For Christ sent me not so much to baptize, as to preach the gospel: not with wisdom of speech, lest the cross of Christ should be made 18 of no effect. For the preaching of the crossing to the flesh, not many mighty, not many noble: But God hath chosen the foolish things 27 of the world to put to shame the wise; and God hath chosen the weak things of the world. to put to shame the things which are mighty; And base things of the world, and things which 28 are despised, hath God chosen, yea, and things which are not, to bring to nought things that are: That no flesh should glory in the pre- 29 sence of God." By him then are ye in Christ 30 Jesus, whom God hath made unto us wisdom, and righteousness, and sanctification, and redemption: That, according as it is written, 31 "He that glorieth, let him glory in the Lord."
is to those that are lost, foolishness; but unto 19 us that are saved, it is the power of God. For it is written, “I will destroy the wisdom of the wise, and will bring to nothing the understand20 ing of the prudent." Where is the wise? where is the scribe? where is the disputer of this world? hath not God made foolish the wisdom 21 of this world? For after that, in the wisdom of God, the world by wisdom knew not God, it pleased God by this foolishness which we 22 preach, to save those who believe. For the Jews require signs, and the Greeks seek after 23 wisdom: But we preach Christ crucified; to
1 CORINTHIANS I.
CHAP. I. 23. Griesb.
REFLECTIONS UPON CHAPTER 1. 1. Let us remember that we also are sanctified in Christ,' and saints by our christian calling. Though not enriched with the gifts of the Holy Spirit, with which this church was favoured, yet we have been enabled to credit the testimony given to the Saviour, and are among the number of those who call
erucified for you?" He uses his own name with great delicacy, though the same might be said of Peter, or of Apollos. Neither Paul nor any other teacher had been crucified for them, nor had they been baptized into any of their names.
17. Not so much to, &c. See Pearce for this sense of the negative.Wisdom of speech. Learned and eloquent speech, adorned with all the beauties of language, lest the cross of Christ should be useless as a revealed doctrine. 18. Are lost-are saved. The apostle describes sinners as lost from the state in which they are, and believers as saved, for the same reason. Those in unbelief and sin consider the preaching of the cross as foolishness, both in respect to the matter and manner; but the real convert has found, and judges it, to be the powerful doctrine of God to his salvation.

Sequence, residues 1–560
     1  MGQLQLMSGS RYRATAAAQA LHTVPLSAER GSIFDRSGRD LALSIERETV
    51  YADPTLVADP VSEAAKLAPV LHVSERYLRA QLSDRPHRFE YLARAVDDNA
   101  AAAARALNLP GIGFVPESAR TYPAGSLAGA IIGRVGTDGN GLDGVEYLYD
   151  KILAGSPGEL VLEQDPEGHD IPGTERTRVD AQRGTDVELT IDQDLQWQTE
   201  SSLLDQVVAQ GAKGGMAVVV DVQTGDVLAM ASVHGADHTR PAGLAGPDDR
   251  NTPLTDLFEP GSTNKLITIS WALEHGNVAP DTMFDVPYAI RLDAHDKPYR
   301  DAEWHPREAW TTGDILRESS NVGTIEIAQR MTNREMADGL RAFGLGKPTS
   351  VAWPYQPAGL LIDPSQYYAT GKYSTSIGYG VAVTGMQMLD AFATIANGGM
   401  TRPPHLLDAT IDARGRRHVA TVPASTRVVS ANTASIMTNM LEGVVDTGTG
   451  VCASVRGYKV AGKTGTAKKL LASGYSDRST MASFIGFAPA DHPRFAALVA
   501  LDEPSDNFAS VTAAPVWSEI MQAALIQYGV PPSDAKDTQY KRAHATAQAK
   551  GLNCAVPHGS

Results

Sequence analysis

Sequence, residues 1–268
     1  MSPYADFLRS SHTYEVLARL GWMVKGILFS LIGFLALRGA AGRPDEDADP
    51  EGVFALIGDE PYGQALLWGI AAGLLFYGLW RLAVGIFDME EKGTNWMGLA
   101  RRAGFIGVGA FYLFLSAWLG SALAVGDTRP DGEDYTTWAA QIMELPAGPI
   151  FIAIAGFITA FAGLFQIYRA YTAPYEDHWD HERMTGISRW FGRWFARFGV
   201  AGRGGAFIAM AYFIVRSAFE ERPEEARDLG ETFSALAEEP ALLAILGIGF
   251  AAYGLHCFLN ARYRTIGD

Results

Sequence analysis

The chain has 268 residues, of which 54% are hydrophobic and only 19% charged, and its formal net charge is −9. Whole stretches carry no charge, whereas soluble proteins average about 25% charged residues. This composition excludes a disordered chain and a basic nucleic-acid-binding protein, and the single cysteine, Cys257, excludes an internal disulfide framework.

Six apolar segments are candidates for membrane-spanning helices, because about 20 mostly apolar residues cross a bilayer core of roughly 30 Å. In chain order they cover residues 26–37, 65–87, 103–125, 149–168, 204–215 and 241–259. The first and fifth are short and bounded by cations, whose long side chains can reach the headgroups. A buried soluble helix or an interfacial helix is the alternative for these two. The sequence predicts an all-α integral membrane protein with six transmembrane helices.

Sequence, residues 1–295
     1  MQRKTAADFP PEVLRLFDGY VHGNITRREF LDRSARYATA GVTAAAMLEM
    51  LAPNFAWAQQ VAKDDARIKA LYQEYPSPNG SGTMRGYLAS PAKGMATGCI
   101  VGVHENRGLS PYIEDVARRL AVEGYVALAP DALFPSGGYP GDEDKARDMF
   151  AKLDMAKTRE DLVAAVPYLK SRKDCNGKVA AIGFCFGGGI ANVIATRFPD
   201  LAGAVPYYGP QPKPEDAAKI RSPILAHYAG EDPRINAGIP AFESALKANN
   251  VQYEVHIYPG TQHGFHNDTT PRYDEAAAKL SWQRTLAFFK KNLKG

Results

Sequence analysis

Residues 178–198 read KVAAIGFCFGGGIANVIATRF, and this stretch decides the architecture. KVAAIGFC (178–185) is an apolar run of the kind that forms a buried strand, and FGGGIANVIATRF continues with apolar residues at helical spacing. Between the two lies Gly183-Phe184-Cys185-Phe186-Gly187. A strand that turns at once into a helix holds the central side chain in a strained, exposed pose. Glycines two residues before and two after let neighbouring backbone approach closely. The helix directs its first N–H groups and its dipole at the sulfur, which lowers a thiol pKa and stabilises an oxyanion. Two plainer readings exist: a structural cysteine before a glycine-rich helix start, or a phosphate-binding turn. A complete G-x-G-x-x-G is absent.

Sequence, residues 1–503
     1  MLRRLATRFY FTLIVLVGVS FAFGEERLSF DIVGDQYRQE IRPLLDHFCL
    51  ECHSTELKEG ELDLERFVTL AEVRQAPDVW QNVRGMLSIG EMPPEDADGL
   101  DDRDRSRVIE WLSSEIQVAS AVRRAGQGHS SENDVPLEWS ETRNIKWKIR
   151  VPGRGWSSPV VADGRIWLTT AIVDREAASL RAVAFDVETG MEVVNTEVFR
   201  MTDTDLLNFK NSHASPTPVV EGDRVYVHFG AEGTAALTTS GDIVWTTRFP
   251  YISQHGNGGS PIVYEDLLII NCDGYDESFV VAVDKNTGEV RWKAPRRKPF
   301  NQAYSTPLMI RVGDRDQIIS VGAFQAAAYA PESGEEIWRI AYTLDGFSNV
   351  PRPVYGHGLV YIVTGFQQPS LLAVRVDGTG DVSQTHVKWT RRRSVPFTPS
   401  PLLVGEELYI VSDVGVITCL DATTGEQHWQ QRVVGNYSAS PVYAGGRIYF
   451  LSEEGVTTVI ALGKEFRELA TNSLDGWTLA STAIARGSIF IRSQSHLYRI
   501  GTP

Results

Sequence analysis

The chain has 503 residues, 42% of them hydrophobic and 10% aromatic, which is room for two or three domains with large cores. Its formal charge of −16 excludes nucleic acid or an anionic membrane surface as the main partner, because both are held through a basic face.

19, 20. It is written, &c. Is. xxix. 14. This shows that God had a design to confound the boasted wisdom of the proud. Where now is the wise? what has he accomplished by his wisdom? What has the disputer done?Made foolish. Shown it to be so, by teaching men its insufficiency to convey the knowledge of God, or to reform sinners.
21. After that, in the, &c. In the wisdom of God displayed in his works and government, it appeared that the wisest men of the world knew not iu reality God, it pleased God, &c.—By this foolishness, &c. By the doctrine of a crucified Saviour, to save all who believe, by bringing them to know God, and worship and serve him.
22-25. The Jews require signs. Miracles and wonders to usher in a
on his name. Let us rejoice that so many have been called and enjoy fellowship in Christ Jesus; and ever pray that the same grace and peace may be with them from God our father, and from our Lord and Saviour; that we all may be confirmed in the faith; in the privileges and enjoyments of the gospel, until the manifestation of Christ, when
temporal Messiah; and the Greeks wisdom, some scheme of philosophy; but what we preach is Christ crucified, which, though offensive to both, yet to such as are called from among them, it is the most powerful and wise doctrine, What is meant by "the foolishness of God" being wiser than men, is explained in the following verses.